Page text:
In Mairo-inya village, Peter Kairu’s grave is slowly being swallowed up by the earth as relatives wait for compensation from the Kenya Wildlife Service (KWS) over three years since the 33-year-old trader was killed by a hippo. Mr Kairu was in the company of his friend Wambugu Mwangi when tragedy struck.
“We were walking home at around 9 in the evening when the hippo attacked us. I managed to escape but my friend was not as lucky. He died a very painful death; that was in January 2018,” he said.
Mr Kairu’s grave is not the only one resulting from a hippo killing in this village.
The human-wildlife conflict affecting residents around the 43-square-kilometre freshwater body covering Ndaragua, Ol Joro Orok, and Ol Kalou constituencies is so intense that farmers abandon their farms for casual jobs in towns, while others desperately seek to sell their land and relocate to safer places.
The situation is largely blamed on managerial conflicts between the county and national governments, through KWS.
Though KWS is primarily responsible for controlling human-wildlife conflict, residents and the county government feel that the agency has failed in its mandate. The county government has decided to breach protocol in order to protect residents.
The county department of roads has brought construction equipment to the area, digging trenches meant to stop the stray hippos from attacking residents and invading farms.
“We are spending Sh392,000 using county roads equipment, which is a worthy investment considering the sufferings our people have gone through over the years. It would have cost us Sh1.5 million to contract a private company to do the same amount of work, not to mention the procurement process that would have taken longer as residents continue to suffer,” said Roads and Public Works Executive Mary Mugwanja.
The eight-kilometre trench being dug by the Nyandarua County government along the border of the lake and Kanguu village is to be completed in two weeks after a similar one covering 12 kilometres was completed in March this year.
Residents are optimistic the county government’s intervention will end decades of suffering from human-wildlife conflict. They said the initiative was long overdue.
mong the latest incidents that prompted the county government to act was the hippo attack on Mr Samuel Kimani, who is still nursing serious injuries at Nyahururu Hospital from the May 23 attack in his Gatumbiro village, Ol Joro Orok Constituency.
Speaking from his hospital bed, the 55-year-old man said he was on his way to work when the hippo attacked him early in the morning.
“I was left for the dead after the animal pounced on me about 100 metres from my home. I tried to run for my life on spotting the hippos but they were faster than me,” the farmer said.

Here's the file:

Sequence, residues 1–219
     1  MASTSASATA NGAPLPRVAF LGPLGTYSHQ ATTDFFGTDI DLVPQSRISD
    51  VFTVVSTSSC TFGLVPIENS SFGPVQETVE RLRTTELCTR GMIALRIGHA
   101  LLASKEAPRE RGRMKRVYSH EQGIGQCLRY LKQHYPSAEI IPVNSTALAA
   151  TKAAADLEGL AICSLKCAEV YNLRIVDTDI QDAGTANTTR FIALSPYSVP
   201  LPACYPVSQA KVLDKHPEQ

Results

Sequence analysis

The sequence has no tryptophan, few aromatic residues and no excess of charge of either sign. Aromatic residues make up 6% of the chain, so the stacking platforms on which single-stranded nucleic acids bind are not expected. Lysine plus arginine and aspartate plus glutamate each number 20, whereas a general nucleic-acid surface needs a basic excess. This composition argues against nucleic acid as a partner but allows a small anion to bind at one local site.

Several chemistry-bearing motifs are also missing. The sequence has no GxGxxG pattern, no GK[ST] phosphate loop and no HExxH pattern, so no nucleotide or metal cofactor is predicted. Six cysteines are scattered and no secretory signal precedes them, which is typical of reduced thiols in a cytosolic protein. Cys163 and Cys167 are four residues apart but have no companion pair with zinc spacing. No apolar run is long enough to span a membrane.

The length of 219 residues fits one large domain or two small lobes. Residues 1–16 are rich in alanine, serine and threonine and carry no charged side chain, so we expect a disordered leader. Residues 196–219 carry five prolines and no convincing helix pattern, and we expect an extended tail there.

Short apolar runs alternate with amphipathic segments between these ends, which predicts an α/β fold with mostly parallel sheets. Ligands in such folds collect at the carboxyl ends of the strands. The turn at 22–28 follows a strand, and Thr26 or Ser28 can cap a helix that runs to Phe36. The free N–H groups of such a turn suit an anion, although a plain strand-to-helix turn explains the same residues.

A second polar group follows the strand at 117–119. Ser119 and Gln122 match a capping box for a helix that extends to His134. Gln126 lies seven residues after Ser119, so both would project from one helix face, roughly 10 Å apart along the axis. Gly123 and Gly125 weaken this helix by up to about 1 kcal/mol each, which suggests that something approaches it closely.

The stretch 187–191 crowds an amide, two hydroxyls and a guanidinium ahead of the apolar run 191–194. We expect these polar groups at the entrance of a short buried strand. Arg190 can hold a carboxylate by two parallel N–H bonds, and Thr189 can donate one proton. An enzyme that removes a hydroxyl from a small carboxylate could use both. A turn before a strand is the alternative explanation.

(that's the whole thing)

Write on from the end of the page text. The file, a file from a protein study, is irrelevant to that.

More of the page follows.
Mr Kimani suffered serious cuts on his shoulders and legs.
Residents raised concerns about the safety of their children, saying the hippos are normally spotted in the farms in the early morning when learners report to school.
“The security of our children is at stake. We want the school management boards and the education ministry to change the hour of reporting to class to eight in the morning,” Ms Mary Njeri said.
In September last year, athlete Edwin Mokua, 28, missed the Izimir Marathon after he was attacked, injured and left for dead by marauding hippos.
He was attacked while training along River Ewaso Nyiro, whose source is Lake Olbolosatt.
The athlete was training in preparation for the competitions that were to be held in Turkey less than a week from the day he was attacked.
Another recent victim is Mr Mathew Kipkurui, who was admitted to Nyahururu Hospital and later moved to Nakuru General Hospital.
He was attacked while on his way to work early in the morning.
“Every year, we lose both humans and hippos. Hippos, like human beings, belong to big families. They do communicate. Seven hippos from the lake have been killed in retaliatory attacks in the last one year. The hippos do interact and inform the others of the killings happening to them. You will realise that hippos become more aggressive when one of them is killed or attacked,” says Ol Bolosat Conservancy chairperson George Nguri.
Increasing cases of human-wildlife conflict are also attributed to the encroachment of wildlife habitats by residents.
KWS statistics show that compensation demands have risen from Sh147 million in 2015 to Sh569 million in 2020.
In a stakeholders’ forum in October last year at the KWS Training College in Naivasha, Wildlife Principal Secretary Fred Segor said the government had by that time spent Sh1.77 billion to compensate victims of wildlife attacks.
Governor Francis Kimemia says his administration is pursuing compensation for the hippo attack victims and farm invasions by the beasts.